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Joel RL Phelps & The Downer Trio | Blackbird (12XU)
Following on from the release of the remarkable covers EP, Inland Empires, earlier this year, comes the welcome re-release of 1999's Blackbird. Repackaged and with four bonus tracks, this hard to find gem is now once more available. The opening two shot salvo of Then Slowly Turn and I Got A Live One couldn't be any more different from this year's mostly acoustic EP. Both tracks rip, rage and snarl and are over in under two minutes. Phelps' voice is a modern day wonder, moving from a gentle whisper to a savage scream, often in the same line. His songs and delivery exude the kind of existential anguish that I haven't heard since American Music Club's frighteningly intense first four albums. Things barely quieten down on the seething Unless Your Tired of Living or Invite's imprecation of "Old friend, weakness, what did I do? / Well, I guess that I invited you." Angular guitar work and rumbling percussion transform the Comsat Angels' Lost Continent into a brooding, edgy number filled with an almost impossible sense of longing. Blessed Salt Lake is a Western in miniature (though one directed by a Bunuel or a Lynch) gravitating around Phelps' howl of "We should have known better than to cross Salt Lake" and ending on the emotional punch of the last line. The whole album sounds like it was played in a small room, it's a tense and difficult record, somewhat like the aforementioned AMC's Engine. Fittingly, for someone raised in Montana, there is a palpable sense of space and isolation which pervades the album and several songs (Landslide, Blessed Salt Lake, Lost Continent) use geographical metaphors to superbly convey feelings of alienation and doubt. Of the four bonus tracks, one is an outtake while the rest are stunning solo acoustic takes of three of the album's songs. Here, Phelps' voice really lets rip, soaring and swooping into uncharted territory on the dissolute Landslide or turning the exuberant I Got A Live One into a ballad of resigned acceptance and almost heartbreaking pathos. Truly special.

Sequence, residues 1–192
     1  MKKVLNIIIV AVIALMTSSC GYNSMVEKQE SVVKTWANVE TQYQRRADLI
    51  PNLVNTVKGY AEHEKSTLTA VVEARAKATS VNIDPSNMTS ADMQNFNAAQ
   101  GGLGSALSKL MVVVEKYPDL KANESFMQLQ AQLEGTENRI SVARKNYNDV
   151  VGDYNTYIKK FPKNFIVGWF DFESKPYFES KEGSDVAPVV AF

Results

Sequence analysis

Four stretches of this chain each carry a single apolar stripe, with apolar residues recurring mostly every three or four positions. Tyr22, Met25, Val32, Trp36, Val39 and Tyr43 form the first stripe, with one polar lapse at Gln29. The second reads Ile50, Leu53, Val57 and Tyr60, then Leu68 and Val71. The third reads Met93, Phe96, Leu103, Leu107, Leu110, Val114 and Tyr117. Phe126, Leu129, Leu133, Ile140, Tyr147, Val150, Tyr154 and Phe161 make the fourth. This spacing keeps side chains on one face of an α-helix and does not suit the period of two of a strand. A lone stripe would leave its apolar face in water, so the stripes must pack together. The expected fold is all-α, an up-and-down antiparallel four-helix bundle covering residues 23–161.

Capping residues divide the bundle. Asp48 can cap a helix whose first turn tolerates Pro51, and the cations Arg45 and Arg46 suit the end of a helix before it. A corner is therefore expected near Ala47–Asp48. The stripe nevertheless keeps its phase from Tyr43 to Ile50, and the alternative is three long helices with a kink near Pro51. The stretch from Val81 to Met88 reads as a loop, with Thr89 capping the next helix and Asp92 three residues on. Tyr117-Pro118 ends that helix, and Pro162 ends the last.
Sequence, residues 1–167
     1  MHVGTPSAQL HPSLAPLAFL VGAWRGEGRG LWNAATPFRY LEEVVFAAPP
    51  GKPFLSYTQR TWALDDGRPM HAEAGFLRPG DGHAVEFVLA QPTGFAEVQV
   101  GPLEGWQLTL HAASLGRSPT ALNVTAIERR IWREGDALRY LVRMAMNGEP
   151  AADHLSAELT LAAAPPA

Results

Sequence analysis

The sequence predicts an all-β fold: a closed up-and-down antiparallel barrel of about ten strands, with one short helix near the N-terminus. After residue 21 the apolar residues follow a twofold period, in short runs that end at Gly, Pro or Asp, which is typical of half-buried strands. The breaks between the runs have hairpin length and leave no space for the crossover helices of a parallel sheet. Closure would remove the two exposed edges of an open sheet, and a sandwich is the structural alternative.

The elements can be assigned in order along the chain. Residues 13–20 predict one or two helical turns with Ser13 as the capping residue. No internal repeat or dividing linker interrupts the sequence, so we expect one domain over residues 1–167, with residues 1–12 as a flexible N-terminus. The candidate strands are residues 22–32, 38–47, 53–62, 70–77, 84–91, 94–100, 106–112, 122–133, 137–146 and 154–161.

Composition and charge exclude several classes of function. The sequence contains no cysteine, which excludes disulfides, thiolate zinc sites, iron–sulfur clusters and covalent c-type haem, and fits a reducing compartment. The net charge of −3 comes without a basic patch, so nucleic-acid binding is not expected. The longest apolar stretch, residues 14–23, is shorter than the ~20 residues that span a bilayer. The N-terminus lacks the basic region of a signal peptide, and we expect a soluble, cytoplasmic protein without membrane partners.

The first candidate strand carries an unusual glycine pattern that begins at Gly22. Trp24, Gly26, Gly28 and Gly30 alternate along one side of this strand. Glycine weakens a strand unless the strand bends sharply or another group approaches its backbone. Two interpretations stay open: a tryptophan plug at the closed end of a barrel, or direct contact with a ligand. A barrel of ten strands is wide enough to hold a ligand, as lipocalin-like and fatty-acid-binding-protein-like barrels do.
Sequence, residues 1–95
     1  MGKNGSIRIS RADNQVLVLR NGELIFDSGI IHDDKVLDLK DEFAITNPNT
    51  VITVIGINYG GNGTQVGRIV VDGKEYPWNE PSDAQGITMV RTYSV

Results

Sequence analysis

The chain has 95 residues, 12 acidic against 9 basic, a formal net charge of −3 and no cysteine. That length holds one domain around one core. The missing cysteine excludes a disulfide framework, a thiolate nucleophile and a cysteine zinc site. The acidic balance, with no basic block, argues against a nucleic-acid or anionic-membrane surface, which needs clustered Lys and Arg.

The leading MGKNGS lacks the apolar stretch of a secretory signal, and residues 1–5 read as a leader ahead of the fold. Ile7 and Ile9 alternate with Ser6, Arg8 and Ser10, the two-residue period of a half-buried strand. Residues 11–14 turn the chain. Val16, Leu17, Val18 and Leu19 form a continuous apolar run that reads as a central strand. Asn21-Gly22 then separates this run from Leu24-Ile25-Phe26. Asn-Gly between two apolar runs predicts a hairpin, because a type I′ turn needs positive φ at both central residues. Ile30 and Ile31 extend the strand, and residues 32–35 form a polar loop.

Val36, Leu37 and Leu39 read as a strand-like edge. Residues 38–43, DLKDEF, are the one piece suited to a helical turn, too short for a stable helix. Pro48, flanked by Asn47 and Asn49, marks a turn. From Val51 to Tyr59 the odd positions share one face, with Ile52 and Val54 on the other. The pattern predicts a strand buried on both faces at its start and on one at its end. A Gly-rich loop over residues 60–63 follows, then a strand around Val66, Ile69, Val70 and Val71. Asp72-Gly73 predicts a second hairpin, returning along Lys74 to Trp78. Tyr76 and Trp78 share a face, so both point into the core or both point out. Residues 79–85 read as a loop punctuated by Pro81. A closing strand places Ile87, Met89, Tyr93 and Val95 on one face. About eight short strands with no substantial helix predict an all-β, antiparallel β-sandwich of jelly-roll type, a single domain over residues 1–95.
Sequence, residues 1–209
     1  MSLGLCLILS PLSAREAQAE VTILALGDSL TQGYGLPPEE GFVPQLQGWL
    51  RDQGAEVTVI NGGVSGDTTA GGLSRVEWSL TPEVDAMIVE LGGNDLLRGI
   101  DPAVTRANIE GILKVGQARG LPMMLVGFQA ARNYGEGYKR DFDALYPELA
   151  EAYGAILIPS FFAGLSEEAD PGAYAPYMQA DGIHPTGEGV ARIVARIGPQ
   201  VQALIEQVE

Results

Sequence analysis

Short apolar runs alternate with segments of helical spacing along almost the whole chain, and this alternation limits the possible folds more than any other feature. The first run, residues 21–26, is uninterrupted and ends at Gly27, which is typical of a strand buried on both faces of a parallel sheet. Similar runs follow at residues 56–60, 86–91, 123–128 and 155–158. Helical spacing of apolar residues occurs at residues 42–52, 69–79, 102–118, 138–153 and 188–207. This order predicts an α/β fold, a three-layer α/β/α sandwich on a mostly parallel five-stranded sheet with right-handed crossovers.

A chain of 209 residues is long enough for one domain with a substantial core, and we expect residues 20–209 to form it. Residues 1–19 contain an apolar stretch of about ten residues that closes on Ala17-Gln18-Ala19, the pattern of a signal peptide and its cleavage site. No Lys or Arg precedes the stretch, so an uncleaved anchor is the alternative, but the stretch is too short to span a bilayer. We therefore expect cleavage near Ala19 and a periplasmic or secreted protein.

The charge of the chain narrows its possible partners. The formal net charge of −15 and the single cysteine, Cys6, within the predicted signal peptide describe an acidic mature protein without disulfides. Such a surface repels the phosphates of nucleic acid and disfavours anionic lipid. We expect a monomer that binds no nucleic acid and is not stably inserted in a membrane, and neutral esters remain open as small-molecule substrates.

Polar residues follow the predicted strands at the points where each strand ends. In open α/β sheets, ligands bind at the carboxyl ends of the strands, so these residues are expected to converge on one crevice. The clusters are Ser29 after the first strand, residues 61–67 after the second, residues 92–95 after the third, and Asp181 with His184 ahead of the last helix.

CWAS #8 - Summer 2001